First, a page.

Stone-age humans began using lethal technology 71,000 years ago to fight Neanderthals

Archaeologists believe the “bladelets” were used as the sharp tips for arrows or spears and were made by a relatively sophisticated technique involving the heat treatment of stone before shaping the final cutting edges.

The fine stone blades were excavated from a prehistoric site called Pinnacle Point on the southern coast of South Africa and are between 6,000 and 11,000 years older than the previous oldest known samples of spear and arrow blades, scientists said.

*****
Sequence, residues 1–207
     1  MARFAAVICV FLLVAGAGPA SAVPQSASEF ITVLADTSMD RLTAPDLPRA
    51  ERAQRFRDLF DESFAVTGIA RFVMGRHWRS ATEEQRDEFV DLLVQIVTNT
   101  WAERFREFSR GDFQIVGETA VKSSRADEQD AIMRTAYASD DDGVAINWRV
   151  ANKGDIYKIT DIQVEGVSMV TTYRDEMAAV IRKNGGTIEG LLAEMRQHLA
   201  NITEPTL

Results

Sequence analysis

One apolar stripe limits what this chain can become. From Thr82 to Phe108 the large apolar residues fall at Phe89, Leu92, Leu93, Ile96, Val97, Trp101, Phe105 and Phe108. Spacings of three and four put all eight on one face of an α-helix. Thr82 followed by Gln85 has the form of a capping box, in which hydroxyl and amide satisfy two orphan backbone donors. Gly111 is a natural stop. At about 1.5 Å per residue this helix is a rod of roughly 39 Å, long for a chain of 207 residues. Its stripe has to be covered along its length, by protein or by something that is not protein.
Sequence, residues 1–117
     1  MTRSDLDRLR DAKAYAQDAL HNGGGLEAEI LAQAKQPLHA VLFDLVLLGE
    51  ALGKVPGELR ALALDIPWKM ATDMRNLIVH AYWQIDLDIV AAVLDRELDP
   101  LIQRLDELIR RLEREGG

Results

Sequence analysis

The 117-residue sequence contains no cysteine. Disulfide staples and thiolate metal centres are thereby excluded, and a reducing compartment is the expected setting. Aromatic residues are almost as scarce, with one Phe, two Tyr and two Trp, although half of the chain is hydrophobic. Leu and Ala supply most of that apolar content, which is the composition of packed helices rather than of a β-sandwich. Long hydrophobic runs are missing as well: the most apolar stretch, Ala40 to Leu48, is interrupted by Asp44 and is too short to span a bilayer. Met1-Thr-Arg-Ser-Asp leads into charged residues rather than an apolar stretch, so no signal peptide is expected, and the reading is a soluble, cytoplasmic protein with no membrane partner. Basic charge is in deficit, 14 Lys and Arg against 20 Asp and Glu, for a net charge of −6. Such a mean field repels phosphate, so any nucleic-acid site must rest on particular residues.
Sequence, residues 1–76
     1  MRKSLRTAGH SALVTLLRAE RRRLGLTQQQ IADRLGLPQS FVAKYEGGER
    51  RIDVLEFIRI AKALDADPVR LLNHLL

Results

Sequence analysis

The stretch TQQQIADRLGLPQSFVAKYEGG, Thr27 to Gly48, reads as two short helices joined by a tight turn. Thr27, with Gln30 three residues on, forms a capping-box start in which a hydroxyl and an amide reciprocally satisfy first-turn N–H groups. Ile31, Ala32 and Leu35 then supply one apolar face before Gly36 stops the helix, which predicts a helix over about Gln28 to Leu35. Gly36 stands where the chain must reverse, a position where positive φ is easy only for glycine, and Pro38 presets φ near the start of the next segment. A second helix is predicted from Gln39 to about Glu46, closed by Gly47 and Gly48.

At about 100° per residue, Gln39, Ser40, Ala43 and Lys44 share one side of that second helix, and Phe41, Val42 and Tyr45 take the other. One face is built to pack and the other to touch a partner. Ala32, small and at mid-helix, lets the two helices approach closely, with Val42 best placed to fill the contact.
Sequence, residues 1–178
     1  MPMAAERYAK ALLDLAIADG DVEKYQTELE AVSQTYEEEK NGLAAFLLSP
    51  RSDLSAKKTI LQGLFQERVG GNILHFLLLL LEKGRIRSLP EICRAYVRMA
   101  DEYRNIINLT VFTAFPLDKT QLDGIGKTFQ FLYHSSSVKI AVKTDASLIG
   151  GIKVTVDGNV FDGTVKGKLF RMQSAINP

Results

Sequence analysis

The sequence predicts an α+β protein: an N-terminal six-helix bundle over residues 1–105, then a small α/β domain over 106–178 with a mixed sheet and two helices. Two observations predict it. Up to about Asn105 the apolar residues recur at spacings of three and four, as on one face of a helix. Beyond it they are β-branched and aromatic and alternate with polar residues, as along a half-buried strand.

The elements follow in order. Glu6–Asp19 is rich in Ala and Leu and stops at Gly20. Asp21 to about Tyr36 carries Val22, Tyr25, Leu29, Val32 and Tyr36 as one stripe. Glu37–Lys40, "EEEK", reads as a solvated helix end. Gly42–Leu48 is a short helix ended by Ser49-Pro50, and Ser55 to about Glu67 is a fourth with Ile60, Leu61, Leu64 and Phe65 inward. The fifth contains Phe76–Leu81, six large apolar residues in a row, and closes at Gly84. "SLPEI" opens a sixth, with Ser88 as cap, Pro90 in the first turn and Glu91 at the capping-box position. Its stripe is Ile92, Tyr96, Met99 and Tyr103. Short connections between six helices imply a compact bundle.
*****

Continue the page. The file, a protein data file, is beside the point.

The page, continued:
The discovery suggests that the invention of lethal projectile weapons came far earlier in the course of human prehistory than previously realised and that, once invented, the knowledge was passed down the generations, according to a study in Nature led by Curtis Marean of Arizona State University.

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